We see here, too, the full reach of Hawks’ conception of masculinity (as exercised through the tight homosocial bonds and communality of his male characters), it’s mixture of the unreconstructed and the reconstructed, of sensitivity and ease with violence (a magnificent scene has Deakins undergoing the amputation of an injured finger, played for laughs as he goes looking for his digit after it bounces away following removal), of psychological complexity and the archetypal/ mythological, intelligence and reactionary foolishness, maturity and boyishness, endless self-sufficient movement and deep loneliness, poetry and lay-of-the-land earthiness. It is, perhaps, a vital corrective to the presentation of infantilised masculinity and male friendship that is now encoded and accepted in society thanks to the witless rhetoric of the fratboy comedy.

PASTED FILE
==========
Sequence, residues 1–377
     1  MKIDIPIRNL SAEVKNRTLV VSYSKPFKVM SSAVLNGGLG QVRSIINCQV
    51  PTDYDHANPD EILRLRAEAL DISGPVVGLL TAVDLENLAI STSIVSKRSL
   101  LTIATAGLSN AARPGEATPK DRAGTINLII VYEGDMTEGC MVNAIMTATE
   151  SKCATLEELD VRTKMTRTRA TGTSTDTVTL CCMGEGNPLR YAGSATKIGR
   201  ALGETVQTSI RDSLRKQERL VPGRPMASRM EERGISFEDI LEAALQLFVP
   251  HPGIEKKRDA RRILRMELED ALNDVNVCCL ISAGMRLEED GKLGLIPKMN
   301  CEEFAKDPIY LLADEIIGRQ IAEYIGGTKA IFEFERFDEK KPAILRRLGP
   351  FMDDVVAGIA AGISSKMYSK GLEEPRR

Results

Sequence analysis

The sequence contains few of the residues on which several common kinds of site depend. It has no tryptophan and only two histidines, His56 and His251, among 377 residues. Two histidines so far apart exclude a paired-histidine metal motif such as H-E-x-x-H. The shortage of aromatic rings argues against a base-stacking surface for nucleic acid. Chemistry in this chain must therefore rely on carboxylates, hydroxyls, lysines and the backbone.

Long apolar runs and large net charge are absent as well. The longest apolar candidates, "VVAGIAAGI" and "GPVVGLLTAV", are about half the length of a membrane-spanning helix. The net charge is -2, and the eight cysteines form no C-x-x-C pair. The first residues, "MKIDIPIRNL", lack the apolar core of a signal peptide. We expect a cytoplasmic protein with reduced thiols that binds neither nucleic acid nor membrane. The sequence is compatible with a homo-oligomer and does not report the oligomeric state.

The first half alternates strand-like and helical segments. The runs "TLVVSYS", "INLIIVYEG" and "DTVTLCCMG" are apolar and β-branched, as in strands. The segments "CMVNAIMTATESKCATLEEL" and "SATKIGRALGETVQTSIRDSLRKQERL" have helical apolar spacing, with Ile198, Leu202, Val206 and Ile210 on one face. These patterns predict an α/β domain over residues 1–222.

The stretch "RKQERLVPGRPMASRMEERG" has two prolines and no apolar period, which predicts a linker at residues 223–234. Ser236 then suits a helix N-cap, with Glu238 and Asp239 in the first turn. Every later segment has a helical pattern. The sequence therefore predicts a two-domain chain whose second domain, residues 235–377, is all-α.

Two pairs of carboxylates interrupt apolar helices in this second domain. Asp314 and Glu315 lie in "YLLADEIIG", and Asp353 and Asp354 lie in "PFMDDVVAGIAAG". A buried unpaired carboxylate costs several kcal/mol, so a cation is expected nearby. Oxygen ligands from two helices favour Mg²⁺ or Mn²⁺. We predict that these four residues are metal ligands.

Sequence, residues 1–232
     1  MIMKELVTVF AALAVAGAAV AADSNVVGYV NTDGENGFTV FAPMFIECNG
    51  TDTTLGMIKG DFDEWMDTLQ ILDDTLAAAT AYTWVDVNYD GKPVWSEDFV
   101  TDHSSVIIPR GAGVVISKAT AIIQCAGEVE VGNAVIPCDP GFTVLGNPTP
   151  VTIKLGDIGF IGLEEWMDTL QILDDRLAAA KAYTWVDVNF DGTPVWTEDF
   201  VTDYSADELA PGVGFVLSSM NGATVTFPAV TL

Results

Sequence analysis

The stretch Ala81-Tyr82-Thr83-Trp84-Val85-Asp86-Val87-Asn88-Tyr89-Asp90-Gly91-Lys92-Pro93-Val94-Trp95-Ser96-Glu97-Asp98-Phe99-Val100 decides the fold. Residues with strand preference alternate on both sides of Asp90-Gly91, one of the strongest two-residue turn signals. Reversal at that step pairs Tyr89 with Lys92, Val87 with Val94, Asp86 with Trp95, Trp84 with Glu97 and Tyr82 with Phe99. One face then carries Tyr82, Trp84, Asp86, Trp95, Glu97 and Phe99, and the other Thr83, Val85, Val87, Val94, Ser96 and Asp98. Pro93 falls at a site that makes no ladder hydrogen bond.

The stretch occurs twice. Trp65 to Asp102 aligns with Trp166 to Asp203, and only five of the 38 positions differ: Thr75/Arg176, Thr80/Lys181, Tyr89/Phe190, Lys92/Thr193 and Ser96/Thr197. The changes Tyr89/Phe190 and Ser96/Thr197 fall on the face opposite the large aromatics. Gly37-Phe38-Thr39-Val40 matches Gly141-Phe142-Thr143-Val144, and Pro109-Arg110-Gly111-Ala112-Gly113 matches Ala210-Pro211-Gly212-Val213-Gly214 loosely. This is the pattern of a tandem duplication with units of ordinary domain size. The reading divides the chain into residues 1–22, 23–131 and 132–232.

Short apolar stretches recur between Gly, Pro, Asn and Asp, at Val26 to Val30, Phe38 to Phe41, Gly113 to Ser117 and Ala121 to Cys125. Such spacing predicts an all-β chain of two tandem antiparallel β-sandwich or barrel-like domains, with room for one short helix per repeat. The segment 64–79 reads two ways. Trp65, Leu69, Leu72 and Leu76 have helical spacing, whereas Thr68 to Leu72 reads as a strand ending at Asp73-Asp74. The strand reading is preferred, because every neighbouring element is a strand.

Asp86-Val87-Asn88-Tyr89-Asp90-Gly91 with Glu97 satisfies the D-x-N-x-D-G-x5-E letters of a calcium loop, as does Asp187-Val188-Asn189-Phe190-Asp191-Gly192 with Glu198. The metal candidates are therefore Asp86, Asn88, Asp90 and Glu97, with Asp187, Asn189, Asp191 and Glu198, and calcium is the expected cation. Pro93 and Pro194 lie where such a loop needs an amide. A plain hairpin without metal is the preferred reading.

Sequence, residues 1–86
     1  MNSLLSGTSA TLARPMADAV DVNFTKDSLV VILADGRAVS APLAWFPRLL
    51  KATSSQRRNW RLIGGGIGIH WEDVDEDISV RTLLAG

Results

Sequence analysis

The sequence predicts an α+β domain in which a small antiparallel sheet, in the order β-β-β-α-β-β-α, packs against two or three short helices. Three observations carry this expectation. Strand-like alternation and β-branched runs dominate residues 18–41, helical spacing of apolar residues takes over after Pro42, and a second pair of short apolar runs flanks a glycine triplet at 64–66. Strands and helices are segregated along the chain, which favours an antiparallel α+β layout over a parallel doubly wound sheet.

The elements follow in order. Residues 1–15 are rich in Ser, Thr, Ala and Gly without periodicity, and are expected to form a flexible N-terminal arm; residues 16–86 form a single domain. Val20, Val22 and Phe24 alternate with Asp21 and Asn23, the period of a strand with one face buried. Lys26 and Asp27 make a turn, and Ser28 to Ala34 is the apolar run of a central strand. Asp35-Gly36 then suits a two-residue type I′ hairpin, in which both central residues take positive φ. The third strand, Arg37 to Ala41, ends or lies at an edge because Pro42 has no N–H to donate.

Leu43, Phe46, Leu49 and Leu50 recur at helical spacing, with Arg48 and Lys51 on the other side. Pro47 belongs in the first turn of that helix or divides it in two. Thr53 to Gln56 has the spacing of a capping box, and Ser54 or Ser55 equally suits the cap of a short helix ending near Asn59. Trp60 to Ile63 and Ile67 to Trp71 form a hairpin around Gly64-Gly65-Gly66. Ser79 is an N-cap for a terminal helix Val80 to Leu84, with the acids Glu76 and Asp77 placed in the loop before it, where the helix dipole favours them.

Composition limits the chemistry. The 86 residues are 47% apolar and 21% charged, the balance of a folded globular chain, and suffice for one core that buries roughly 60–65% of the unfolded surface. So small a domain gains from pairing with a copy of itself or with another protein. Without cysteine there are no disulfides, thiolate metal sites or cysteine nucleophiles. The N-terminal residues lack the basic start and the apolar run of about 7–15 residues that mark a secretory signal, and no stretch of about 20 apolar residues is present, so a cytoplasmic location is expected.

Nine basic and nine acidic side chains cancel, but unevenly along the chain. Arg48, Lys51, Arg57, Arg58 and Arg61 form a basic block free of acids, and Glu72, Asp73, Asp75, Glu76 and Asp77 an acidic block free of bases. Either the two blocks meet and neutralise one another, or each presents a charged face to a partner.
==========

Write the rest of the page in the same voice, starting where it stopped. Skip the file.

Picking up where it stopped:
So see this film in any way you can, endure any number of bad prints or glitch-filled DVD viewings, for it is a reminder that the cinema can offer us not just the distractions of a story-well-told, but a whole version of a universe, perfectly enclosed, fully-realized and so tantalisingly, gloriously close to the full tactility of our own.
 And how close are these magical, shadow-soaked forests of possibility to that found in the mid-section of Bringing Up Baby, also the work of Howard Hawks and screenwriter Dudley Nichols?